Wales TUC joins anti-cuts protest in London

Protesters in London
Image caption The TUC march attracted thousands of protesters in London

Wales TUC members joined tens of thousands of people to march through London to protest against the UK government's austerity measures.

A train was chartered and buses laid on from all over Wales to take thousands of people to London.

Union members and protesters took part in a march on Saturday before joining a rally in Hyde Park.

A UK government spokesman says ministers are doing all they can to get the economy growing again.

Rhiannydd Williams, policy and campaigns officer with TUC Wales, said: "We have tried to extend the march to as broad an audience as possible - it's called For a Future that Works after all.

Image caption The Wales TUC chartered a train to London from Cardiff

"One carriage on the train is dedicated to families. Some of those are families of union members but some are those who have been affected by the cuts and feel strongly about it and contacted us. There are also community groups on the train."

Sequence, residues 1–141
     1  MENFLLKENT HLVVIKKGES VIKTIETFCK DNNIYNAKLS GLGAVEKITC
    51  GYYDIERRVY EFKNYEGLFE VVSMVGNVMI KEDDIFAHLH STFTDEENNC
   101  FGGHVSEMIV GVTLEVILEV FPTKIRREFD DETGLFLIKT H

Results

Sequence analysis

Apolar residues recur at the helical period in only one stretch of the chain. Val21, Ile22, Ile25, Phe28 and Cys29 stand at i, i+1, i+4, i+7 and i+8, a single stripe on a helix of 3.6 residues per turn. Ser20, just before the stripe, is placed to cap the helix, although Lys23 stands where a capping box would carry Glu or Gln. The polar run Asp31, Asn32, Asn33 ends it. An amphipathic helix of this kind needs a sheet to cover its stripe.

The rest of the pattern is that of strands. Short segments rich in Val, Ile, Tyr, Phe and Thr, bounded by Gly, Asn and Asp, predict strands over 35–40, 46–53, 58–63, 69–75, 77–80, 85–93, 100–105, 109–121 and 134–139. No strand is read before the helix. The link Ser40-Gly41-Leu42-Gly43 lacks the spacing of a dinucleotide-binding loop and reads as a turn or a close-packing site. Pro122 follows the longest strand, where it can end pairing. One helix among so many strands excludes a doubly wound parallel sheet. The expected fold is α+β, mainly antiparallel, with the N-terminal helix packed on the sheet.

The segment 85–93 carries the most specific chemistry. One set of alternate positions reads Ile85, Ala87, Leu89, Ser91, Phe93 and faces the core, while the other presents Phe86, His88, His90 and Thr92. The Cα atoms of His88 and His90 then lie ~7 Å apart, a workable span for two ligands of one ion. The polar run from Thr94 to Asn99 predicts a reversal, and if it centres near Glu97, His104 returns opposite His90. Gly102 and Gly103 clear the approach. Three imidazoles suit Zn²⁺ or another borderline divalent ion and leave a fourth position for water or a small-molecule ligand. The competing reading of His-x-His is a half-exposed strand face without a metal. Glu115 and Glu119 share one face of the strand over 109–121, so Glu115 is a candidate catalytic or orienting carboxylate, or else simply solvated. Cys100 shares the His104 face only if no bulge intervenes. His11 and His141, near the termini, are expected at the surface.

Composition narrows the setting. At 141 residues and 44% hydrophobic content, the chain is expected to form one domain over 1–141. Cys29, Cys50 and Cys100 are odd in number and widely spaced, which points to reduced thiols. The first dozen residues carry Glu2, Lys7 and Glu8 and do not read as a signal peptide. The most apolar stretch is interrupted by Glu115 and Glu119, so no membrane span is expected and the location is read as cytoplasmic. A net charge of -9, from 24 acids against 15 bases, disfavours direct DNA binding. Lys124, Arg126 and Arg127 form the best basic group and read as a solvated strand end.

She added: "The austerity measures are really affecting people now. They haven't even been enforced fully yet. But people are really struggling and people see a real unfairness and people want to see a more equal society."

TUC general secretary Brendan Barber said he did not think a general strike by unions was likely, adding: "Some of my colleagues may talk about that. I don't hear too many people calling for a general strike."

Mark Serwotka, leader of the Public and Commercial Services (PCS) union, is expected to say: "Almost everyone now agrees that austerity isn't working and that this government's policies are making our economic situation worse, not better."

A UK government spokesman said: "It is disappointing that some unions insist on pushing for irresponsible and futile strike action which benefits no-one.

"As we have said time and again, pension talks will not be reopened and nothing further will be achieved through strike action."

More on this story

Related Internet links

The BBC is not responsible for the content of external Internet sites